This causes a delay because thanks to our safety systems (Tripcock - Trainstop) a train will come to a halt after passing a red signal, and will then be restricted to 5mph until it has passed the next 2 signals. This means each train encountering a signal failure has to stop, recive authority to pass the red signal, proceed, be stopped, then proceed at 5mph (walking pace) for several hundred metres. As you can appreciate, this is for safety reasons in case a train accidentally passes a red signal with a train ahead of it, but in thecase of a signal failure causes a huge delay. Even worse, if there are points immediately ahead of the failing signal, they need to be manually secured in position with a big lump of wood and G Clamp (Scotch & Clip), so a further delay is incurred whilst a memeber of staff walks down to the points and secures them.

I hope this explains why signal failures are so disruptive, it is essenitally because of our safety systems and the fact that everything fails safe.

Regulating....

Trains have a nasty habit of bunching up on busy lines... you only need a slight gap in front of a train and it becomes amplified at each station as it is calling at ever busier platforms, and therefore stops longer and longer. The longer the gap in front, the busier the platforms and therefore it becomes a vicious circle. Trains behind get closer and closer as the train in front loses more and more time, and so in the end, without intervention, you'll get a very busy train followed by 2 or 3 empty ones immediately behind (as you'd no doubt have noticed). Regulation is an intervention used to restore the regular gaps between trains and therefore even out the passenger loading.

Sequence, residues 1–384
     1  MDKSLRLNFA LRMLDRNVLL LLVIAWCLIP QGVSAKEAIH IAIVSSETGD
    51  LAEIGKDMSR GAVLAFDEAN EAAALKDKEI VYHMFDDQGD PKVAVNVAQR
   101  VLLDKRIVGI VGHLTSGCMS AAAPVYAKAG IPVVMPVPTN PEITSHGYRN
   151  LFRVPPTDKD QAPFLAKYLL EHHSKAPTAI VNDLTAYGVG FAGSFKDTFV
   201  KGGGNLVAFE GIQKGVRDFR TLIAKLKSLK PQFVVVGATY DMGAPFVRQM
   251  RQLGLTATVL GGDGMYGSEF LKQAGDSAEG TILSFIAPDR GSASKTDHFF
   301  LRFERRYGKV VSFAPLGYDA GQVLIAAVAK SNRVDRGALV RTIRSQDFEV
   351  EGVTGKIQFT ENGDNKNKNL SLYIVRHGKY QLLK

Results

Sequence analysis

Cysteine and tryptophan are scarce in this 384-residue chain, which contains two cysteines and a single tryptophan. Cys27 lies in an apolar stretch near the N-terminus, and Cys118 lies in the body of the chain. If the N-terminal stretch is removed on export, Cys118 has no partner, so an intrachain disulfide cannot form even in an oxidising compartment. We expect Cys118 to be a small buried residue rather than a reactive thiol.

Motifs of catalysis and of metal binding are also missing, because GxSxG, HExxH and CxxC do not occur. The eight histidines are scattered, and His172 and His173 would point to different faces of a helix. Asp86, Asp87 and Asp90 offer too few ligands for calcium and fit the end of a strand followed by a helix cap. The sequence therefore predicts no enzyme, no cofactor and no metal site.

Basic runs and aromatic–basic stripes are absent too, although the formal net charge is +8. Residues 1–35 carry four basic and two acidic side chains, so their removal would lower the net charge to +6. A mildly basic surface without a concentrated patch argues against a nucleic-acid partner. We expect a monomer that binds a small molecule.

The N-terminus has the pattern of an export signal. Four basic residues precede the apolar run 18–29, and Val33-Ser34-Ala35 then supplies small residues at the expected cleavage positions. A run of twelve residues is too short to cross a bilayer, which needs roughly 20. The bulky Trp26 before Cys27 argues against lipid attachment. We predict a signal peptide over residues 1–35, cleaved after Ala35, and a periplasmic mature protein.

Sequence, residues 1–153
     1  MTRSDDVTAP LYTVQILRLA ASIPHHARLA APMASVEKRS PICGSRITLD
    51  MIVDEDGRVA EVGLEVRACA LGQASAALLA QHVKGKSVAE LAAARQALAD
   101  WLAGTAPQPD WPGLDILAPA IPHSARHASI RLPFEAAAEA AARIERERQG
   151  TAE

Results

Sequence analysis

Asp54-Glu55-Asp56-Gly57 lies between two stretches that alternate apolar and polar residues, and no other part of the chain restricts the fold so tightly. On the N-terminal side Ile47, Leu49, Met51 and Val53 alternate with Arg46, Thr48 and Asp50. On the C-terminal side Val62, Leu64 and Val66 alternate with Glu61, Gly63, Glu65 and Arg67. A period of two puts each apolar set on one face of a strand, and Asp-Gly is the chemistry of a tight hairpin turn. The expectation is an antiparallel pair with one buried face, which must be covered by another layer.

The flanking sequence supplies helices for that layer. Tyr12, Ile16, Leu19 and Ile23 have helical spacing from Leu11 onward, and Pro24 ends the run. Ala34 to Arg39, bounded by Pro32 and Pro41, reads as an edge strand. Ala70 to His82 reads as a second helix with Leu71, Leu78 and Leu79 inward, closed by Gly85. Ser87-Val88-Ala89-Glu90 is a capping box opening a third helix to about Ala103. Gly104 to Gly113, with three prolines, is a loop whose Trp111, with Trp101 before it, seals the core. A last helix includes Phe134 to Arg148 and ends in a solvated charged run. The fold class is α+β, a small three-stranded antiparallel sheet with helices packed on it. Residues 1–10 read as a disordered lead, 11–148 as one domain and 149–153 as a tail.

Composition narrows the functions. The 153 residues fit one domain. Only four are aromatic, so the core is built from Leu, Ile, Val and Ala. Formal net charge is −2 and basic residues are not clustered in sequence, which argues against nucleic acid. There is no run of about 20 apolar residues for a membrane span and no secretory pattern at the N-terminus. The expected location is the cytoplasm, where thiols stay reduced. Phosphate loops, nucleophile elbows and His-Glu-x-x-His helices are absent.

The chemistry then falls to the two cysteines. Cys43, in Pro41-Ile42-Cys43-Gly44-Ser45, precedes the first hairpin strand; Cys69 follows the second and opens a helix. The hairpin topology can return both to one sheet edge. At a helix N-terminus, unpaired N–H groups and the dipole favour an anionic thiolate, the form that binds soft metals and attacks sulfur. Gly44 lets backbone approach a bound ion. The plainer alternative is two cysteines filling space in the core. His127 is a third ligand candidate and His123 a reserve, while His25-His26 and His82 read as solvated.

Regarding your last two questions, I don't know any other system intimately enough to know if there's any worse (I suspect there are), and no I don't think we'll ever drop our fares!
Tubeman no está en línea   Reply With Quote


Reply

Tags
london, railways, tube

Thread Tools

Posting Rules
You may not post new threads
You may not post replies
You may not post attachments
You may not edit your posts

BB code is On
Smilies are On
[IMG] code is On
HTML code is Off

Related topics on SkyscraperCity


All times are GMT +2. The time now is 08:34 AM.


Powered by vBulletin® Version 3.8.11 Beta 4
Copyright ©2000 - 2018, vBulletin Solutions Inc.
Feedback Buttons provided by Advanced Post Thanks / Like (Pro) - vBulletin Mods & Addons Copyright © 2018 DragonByte Technologies Ltd.

vBulletin Optimisation provided by vB Optimise (Pro) - vBulletin Mods & Addons Copyright © 2018 DragonByte Technologies Ltd.

SkyscraperCity ☆ In Urbanity We trust ☆ about us | privacy policy | DMCA policy

tech management by Sysprosium